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Application for Cleddau Bridge Hotel to become care home approved

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THE FORMER Cleddau Bridge Hotel in Pembroke Dock will become a care home after an application was approved by the Planning Committee today (May 22).

The Cleddau Bridge Hotel closed in January and its staff were left without jobs and were not paid.

Since then the application to change it to a care home has come about and it has been the subject of much debate and a public meeting has also been held.

The ownership of the building has also been called into question with three different changes in the last couple of years.

Pembroke Dock Town Councillor George Manning had hoped to question the previous ownership of the building but was stopped twice as he was warned by the Chairman, Cllr David Howlett, that those issues were not planning matters.

Cllr Manning said: “When this came before Pembroke Dock Town Council we decided to put this open to the public and we had a public meeting about it.

“The consensus of opinion is that there is no great objection to the use of this building as a care home. But, what is most concerning, to not only the Town Council but to the general public is that this property and the management of it will still be in the ownership of the Kular family.

“Over the past five years, the hotel itself has changed hands within the Kular family at least three times.

“Although there is no strong reason for refusal on planning issues, I think there are strong reasons to ensure that whoever takes over that this applicant has the credibility to undertake and run a care home.

“I would urge, before you make a decision on this application, that it would not be unreasonable for this committee to seek further evidence of the ability for this company and Mr John Smith to run a care home, it is important to everybody.”

The agent for the application, Mr Richard Bowen said: “The application before you today has been thoroughly examined, resulting in a positive recommendation from your officers.

“The applicant is aware that there are some concerns and whilst the officers report has sought to address these matters, I take this opportunity to reinforce the fact that this application accords with the spirit of local and national planning policy.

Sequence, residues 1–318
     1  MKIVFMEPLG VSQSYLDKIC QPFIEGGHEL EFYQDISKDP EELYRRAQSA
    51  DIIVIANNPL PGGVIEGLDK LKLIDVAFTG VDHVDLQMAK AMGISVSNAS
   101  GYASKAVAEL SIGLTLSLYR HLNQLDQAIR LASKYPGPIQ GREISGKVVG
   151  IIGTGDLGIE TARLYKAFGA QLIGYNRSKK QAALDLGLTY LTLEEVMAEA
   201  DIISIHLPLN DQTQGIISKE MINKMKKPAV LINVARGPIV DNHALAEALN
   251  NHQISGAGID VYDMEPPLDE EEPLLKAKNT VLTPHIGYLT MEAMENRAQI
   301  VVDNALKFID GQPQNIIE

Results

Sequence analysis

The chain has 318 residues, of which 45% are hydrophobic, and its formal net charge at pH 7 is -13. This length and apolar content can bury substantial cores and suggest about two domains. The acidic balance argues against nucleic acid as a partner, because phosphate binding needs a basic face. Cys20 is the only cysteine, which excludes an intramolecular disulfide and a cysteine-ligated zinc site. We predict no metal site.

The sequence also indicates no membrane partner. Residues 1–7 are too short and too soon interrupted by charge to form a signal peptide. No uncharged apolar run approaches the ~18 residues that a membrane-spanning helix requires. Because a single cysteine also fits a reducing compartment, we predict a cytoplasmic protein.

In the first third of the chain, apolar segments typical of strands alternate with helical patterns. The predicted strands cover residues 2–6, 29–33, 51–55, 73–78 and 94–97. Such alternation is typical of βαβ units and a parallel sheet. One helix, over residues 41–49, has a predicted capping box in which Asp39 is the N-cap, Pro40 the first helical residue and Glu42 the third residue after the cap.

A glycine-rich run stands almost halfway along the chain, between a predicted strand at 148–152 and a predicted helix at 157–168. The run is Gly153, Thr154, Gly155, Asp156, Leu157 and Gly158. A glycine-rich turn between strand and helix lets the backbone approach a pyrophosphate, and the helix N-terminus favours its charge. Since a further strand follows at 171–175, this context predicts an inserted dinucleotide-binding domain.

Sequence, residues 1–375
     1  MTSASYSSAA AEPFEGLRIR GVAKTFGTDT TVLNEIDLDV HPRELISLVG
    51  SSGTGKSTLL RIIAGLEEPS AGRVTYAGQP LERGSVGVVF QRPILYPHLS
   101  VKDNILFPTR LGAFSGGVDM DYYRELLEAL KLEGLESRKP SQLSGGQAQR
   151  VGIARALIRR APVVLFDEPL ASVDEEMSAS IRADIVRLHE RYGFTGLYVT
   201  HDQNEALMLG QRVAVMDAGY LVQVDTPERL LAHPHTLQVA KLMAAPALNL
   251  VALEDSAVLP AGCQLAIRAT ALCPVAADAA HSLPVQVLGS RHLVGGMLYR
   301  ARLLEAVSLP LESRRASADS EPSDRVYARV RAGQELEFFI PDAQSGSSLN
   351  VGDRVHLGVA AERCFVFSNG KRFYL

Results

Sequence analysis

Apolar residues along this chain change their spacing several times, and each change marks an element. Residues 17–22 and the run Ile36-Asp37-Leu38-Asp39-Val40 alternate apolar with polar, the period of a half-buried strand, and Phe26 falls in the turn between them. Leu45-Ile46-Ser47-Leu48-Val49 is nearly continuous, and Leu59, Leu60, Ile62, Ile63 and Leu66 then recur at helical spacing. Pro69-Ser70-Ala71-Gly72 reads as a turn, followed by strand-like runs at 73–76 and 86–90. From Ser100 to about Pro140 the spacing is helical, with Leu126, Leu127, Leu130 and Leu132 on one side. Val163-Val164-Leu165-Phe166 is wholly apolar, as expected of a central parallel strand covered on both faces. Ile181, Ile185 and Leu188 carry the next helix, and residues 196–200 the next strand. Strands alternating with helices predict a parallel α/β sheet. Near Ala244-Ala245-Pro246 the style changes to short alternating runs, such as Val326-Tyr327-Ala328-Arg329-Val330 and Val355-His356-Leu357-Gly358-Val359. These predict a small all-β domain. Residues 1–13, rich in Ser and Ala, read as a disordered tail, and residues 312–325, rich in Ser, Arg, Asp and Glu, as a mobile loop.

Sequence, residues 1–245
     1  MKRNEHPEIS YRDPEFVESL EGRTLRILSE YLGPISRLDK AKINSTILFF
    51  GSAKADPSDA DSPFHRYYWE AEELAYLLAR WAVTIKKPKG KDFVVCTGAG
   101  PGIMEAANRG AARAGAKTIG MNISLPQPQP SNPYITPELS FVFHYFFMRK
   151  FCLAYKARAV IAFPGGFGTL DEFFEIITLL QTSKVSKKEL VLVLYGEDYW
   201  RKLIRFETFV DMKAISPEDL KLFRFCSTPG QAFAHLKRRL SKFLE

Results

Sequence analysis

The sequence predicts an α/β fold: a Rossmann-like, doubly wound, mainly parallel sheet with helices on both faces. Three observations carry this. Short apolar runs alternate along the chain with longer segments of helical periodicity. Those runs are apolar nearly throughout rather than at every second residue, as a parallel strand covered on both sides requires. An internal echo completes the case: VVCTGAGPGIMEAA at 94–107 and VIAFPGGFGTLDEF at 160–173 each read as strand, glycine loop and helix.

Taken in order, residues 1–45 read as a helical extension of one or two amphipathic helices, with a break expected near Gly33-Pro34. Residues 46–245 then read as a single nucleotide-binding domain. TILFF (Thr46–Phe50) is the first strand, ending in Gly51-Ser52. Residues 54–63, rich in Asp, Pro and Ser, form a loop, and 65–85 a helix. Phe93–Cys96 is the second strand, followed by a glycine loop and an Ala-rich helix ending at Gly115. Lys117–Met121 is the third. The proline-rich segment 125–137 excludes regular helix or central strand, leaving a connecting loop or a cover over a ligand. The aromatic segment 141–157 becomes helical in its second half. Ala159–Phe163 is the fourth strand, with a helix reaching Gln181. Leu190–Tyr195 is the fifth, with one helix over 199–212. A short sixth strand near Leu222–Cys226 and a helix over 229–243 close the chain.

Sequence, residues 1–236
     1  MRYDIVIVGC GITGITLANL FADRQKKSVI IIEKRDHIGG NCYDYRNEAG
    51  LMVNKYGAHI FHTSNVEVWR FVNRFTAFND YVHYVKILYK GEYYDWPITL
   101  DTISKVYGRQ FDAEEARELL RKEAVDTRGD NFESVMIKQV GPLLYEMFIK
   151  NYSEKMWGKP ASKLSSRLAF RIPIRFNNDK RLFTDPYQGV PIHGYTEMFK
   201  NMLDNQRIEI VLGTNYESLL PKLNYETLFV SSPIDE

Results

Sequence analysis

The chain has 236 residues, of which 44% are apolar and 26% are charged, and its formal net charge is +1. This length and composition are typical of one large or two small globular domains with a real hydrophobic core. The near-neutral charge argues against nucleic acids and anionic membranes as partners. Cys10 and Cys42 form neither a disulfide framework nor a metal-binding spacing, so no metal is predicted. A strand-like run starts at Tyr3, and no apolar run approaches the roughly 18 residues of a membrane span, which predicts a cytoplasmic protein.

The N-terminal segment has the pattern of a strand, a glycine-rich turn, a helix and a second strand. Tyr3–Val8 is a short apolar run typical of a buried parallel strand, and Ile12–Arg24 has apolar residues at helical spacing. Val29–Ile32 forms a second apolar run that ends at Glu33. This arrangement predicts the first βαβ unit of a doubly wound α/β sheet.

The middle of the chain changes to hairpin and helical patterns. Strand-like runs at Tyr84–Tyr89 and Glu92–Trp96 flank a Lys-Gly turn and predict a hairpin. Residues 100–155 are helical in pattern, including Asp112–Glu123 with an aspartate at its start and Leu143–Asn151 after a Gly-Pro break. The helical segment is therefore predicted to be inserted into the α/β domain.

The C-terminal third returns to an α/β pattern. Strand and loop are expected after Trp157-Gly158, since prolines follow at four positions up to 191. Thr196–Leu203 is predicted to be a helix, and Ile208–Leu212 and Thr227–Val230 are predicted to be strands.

“In terms of fit and proper people to run nursing home, you’ll be aware this will need a license from yourselves as the local licensing authority and that matter can be dealt with appropriately at that time.

“The former Cleddau Bridge hotel comprised a 54-bed hotel and despite its success in early years, following the closure of key clients, the occupancy rates fell and dropped significantly below a level which enabled a successful and viable operation to continue and therefore closed in January 2018 resulting in the regrettable loss of 40 jobs.

“Once it is operational, it will result in the creation of 40 full-time employees, allowing for shift patterns it could be a far higher number of people employed at the facility.”

Cllr Tony Wilcox said: “It is worrying for the people of Pembroke Dock that this hotel has changed hands frequently over the last couple of years and as soon as it wasn’t viable it was closed virtually overnight.

“What’s to stop that happening again if it’s not viable and closed overnight and you’ve got incredibly vulnerable people there literally homeless.”

Cllr Brian Hall said: “If we go down the lines of refusing this today, along the lines of the Town Council, as has already been mentioned, they are not viable planning reasons.

“I can understand the concern of the staff but you’ve got to be realistic, we’ve been told by the agent they are going to employ 40, 50, 60 people, there is a distinct possibility that some of them will apply for another job and they would be delighted to get another job, albeit it’s a different use.”

Cllr Hall then moved the application for approval and that was seconded by Cllr Peter Morgan.

Cllr David Pugh added he would rather see a building in use rather than be empty and deteriorating and also indicated his support.

The application was approved by a majority with Cllr Tony Wilcox abstaining from the vote.

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County Councillor Dai Boswell guilty

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THE FORMER Pembroke mayor, Cllr Dai Boswell, has been convicted of indecently assaulting a nine-year-old girl by a jury at Swansea Crown Court today (Jun 18).

In relation to three other allegations of indecent assault, Boswell was cleared.